Ask An Expert January 2015

Q:  I am working as an outside consultant with a small organization, using the Leadership Practices Inventory® 360, and they’re concerned about confidentiality issues.  Senior leadership explained the purpose of 360 feedback and their interest in learning what they needed to do to improve. They assured everyone that no attempt would be made to identify any respondent individually. I also spoke to the confidentiality that is inherent in the online/web-based platform.  We have included some optional open-ended questions, which seems to be causing some concern even though I reminded everyone that I would be reviewing all of the comments, removing gender references or anything that might give a clue to the identity of the author. Some significant skepticism and distrust remains. Should I eliminate the open-ended questions? Is there other advice you can offer on how we might combat this level of mistrust?  

A:  Trust is always an issue whenever we ask for feedback, or provide it to others for that matter. Trust is earned and it takes considerably more effort to build it than it takes to lose it. Unfortunately, it is fairly common that lack of trust is a primary issue within teams. In fact, it is often THE core issue, frequently disguised as “lack of communication” or “conflict issues”. When trust is low, critical communication does not occur, goals are not properly set or adjusted, and organizations fail to fully leverage collaborative and interdependent relationships.  Lack of trust can create a downward spiral that must be addressed.

Once negatively impacted, trust is often improved by clear evidence that demonstrates that it is safe to trust again. Recall the Peanuts cartoon strip where we were amused by Lucy’s ability to continually convince Charlie Brown that she would not pull the football away at the final moment. Unlike Charlie, team members are not so easily fooled. Take the opportunity to use the LPI360 feedback process to support “trust building” dialogues among team members. In addition, here are a few other thoughts based on my own experience using the LPI360:

1.    Don’t eliminate the open-ended questions. This is rich data, particularly providing a context for understanding people’s feedback.  Handled correctly, this information can positively impact trust and enhance learning.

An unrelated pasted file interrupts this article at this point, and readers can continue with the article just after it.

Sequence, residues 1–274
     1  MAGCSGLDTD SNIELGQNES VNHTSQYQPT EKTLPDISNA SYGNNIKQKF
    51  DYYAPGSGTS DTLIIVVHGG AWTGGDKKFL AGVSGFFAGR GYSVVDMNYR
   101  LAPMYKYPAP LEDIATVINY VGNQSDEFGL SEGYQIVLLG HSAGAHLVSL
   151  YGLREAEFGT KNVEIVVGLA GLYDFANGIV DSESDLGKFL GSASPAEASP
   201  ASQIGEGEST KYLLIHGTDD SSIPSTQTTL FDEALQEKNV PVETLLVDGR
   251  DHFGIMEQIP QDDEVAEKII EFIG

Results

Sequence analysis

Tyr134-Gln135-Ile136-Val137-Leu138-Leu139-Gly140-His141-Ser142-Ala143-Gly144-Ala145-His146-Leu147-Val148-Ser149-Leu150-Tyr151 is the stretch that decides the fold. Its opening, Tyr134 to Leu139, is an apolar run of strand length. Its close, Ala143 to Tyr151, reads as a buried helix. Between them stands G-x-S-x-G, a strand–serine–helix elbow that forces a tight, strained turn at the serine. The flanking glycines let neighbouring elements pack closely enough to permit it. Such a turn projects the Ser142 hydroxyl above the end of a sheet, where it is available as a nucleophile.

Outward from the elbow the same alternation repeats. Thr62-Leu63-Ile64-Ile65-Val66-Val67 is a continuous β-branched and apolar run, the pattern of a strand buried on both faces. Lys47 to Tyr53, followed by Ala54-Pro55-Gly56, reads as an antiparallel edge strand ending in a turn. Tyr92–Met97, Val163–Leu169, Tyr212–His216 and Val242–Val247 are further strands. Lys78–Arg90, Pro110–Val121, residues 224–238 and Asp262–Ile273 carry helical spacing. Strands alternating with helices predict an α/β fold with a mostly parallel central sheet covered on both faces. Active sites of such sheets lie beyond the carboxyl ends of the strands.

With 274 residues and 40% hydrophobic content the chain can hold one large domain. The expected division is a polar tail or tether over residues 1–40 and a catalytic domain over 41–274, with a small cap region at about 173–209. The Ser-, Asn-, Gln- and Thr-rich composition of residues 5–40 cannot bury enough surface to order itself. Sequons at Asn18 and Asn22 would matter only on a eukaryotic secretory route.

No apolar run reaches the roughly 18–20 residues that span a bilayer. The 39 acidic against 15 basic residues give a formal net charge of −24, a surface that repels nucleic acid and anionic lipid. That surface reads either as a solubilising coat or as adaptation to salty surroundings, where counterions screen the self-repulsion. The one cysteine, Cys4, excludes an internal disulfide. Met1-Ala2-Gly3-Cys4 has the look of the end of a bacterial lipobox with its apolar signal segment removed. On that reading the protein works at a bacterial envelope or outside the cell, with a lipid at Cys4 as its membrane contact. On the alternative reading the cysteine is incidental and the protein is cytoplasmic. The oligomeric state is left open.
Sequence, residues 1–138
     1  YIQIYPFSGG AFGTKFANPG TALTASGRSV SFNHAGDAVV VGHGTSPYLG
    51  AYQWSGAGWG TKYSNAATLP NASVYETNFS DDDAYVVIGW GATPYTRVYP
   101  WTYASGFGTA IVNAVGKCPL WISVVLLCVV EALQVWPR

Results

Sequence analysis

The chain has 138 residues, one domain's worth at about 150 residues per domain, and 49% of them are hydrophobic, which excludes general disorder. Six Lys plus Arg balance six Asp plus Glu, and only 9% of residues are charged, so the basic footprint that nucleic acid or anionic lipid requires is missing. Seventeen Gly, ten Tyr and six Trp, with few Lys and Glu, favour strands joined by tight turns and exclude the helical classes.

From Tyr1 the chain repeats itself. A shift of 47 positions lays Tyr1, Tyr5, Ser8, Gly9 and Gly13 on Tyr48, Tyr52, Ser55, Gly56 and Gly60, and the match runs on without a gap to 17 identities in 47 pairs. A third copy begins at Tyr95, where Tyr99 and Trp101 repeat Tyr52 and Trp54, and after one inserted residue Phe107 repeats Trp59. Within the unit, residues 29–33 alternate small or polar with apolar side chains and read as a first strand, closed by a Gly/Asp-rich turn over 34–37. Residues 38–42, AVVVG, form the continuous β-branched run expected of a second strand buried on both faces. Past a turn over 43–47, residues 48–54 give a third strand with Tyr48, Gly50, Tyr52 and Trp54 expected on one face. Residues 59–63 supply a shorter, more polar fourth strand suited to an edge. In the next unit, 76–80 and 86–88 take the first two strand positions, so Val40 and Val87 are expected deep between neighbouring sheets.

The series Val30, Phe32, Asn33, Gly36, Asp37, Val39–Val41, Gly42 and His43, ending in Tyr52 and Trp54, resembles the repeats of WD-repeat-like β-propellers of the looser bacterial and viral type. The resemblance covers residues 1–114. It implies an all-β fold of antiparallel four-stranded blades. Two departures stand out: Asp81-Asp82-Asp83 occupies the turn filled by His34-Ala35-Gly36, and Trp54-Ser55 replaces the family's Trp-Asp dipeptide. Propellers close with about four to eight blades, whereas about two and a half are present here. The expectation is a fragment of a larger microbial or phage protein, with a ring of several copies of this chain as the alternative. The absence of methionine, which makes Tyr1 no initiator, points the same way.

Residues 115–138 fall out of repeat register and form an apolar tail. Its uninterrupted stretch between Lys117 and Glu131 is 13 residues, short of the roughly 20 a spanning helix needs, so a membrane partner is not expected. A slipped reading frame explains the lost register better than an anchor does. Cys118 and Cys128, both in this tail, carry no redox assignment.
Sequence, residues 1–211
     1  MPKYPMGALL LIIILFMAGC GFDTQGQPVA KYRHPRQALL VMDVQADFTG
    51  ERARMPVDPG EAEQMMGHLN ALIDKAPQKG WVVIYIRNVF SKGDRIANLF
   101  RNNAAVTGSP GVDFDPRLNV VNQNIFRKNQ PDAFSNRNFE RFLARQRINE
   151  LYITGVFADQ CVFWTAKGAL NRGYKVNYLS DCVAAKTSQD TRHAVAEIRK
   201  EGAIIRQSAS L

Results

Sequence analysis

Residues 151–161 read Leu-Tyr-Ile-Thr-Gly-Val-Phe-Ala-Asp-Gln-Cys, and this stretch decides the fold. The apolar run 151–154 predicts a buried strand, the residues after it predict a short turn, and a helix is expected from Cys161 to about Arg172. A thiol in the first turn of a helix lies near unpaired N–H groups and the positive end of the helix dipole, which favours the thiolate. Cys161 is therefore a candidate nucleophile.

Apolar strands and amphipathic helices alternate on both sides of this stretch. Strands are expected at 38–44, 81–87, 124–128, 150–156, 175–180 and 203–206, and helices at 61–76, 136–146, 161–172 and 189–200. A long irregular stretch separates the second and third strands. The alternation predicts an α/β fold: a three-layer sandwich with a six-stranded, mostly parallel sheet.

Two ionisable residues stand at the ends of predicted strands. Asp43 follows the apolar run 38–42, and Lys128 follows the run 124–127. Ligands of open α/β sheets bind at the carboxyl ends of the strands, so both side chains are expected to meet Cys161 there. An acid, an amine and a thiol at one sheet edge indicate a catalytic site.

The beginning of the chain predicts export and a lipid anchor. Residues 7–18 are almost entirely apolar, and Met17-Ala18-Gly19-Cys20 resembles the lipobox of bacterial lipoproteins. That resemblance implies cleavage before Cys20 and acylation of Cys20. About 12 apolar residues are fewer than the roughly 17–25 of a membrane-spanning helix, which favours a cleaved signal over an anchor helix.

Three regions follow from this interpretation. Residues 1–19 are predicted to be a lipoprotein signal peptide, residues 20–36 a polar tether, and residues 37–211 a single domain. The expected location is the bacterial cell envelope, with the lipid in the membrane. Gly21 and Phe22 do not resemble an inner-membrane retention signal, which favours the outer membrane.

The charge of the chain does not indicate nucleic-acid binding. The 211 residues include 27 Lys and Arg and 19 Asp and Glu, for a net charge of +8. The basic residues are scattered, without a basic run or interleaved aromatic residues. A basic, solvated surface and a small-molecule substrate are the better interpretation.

2.    Edit the questions based on Appreciative Inquiry principles.  For example, “Please describe what this leader does to increase the level of trust in the organization.” The LPI360 is flexible, allowing you to create and use customized open-ended questions.

3.    Use the Group Assessment capability in the LPI360 Online administration system to generate the page that shows the composite data for your selected group. Facilitating a discussion around the Group Assessment can positively impact trust and help identify developmental opportunities for the culture and team, rather than focusing on any one individual.  Pose questions like, “Which behaviors at the group level are contributing positively to the trust level in our organization?”  “Which of the less-frequently observed behaviors, if increased, might contribute to increasing trust in the organization?”  

4.    Be sure you have the LPI Facilitator’s Guide. It incorporates best practices to maximize positive outcomes from the use of the LPI.  Another quite helpful resource is A Coach’s Guide to Developing Exemplary Leaders.

5.    Use the LPI360 with the same team approximately 12 months in the future. Side-by-side comparisons are very helpful to assess progress and developmental growth, and sustain trust.

6.    In addition to any team LPI360 debriefing sessions, I’ve found that a one-to-one LPI coaching session is very effective in helping individual leaders capture a deeper understanding of their feedback. Where trust is low, “classroom” style debriefs are often less effective than 1:1 discussions.

Bruce Leamon is President of Leamon Group, Inc. and a Certified Master-in-Training of The Leadership Challenge.  With 20+ years of executive experience with a Fortune 100 technology corporation, he has served on the faculty of one of the world’s top executive coach training institutions and has worked extensively facilitating complex corporate alliances, transforming teams, and developing both individuals and organizations with measurable results. He can be reached at

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